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The Accidental Tourist

The Accidental Tourist
Intense direction by Lawrence Kasdan and a superb performance by Oscar winner William Hurt in the starring role are the best things about an unconventional drama called The Accidental Tourist that starts off as intriguing character study but moves to a melodramatic and slightly disturbing conclusion

The 1988 film stars Hurt as Macon, an emotionally distant writer of travel guides whose child died a year ago, which leads to his wife, Sarah (Kathleen Turner) leaving him. Even though he fights it all the way, Macon is eventually brought out of his shell by an effervescent but pushy dog trainer named Muriel (Geena Davis) with a young son, who starts to take control of Macon's life when Sarah suddenly decides to re-enter it.

Frank Galati's screenplay, based on a novel by Anne Tyler, is a little on the talky side, but it's forgiven because the central characters are so terribly flawed yet believable. Galati and Kasdan quickly establish Macon's never having gotten over the death of his child and his willingness to take the blame for the end of his marriage. It's initially interesting as we watch Muriel work so hard to be in Macon's life, but the way her turn to obsession seems to coincide with Sarah's return into Macon's life was beyond creepy.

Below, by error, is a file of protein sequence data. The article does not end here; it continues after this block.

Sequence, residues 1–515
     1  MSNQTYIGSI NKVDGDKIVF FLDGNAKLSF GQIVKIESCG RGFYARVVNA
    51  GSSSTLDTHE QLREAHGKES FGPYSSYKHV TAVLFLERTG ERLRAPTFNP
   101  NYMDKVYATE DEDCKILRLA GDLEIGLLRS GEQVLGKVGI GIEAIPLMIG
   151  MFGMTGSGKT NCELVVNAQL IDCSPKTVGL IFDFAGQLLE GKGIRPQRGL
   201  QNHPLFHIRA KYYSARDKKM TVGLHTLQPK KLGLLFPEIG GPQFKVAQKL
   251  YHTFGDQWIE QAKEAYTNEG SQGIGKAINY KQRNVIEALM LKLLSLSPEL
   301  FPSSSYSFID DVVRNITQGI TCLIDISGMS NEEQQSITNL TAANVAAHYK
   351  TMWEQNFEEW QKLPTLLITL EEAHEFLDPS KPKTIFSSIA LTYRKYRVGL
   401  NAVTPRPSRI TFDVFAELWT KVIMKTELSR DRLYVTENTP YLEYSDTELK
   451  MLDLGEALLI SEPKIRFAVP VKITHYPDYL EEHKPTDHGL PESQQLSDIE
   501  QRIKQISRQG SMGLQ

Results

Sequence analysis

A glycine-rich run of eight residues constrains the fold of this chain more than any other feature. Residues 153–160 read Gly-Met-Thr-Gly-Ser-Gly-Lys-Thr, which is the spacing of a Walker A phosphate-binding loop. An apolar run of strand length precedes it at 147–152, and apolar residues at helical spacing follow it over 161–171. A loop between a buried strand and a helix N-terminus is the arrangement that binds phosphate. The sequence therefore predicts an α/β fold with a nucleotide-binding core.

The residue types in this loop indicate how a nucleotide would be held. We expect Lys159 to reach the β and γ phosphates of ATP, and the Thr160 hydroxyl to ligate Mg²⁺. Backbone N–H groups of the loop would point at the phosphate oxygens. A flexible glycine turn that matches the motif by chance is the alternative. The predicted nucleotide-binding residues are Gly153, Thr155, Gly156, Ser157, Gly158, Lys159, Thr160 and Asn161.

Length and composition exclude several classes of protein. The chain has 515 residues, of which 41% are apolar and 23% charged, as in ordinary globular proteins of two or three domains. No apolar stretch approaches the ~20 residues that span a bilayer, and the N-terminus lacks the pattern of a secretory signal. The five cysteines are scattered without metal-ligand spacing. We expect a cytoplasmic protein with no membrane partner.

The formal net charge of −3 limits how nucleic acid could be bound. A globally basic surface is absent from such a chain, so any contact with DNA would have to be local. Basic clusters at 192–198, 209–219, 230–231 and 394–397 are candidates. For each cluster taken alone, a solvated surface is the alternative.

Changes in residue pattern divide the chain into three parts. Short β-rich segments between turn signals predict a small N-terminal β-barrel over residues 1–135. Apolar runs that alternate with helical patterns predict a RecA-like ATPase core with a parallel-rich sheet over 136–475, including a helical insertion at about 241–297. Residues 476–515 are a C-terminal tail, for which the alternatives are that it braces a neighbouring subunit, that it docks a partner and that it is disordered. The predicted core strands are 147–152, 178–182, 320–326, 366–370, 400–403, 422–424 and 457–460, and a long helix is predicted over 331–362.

The first half of the film works better as it concentrates on Macon and how he has become the shell of a man he once was, using snippets from his book as partial narration to his empty life, which actually involved traveling around the world. Loved the scene in London on the street with all the restaurants specializing in American food and the scene in Paris where he Muriel eat at a Burger King. The story gets even muddier with Sarah's return because nothing has changed between them and her desire to reconcile makes no sense.

Kasdan, Hurt, and Turner reunite for the first time since Body Heat and make a formidable team. Geena Davis' quirky Muriel won her the Oscar for Best Supporting Actress, though I'm not sure why. The work of Hurt and Kasdan make this one worth a look.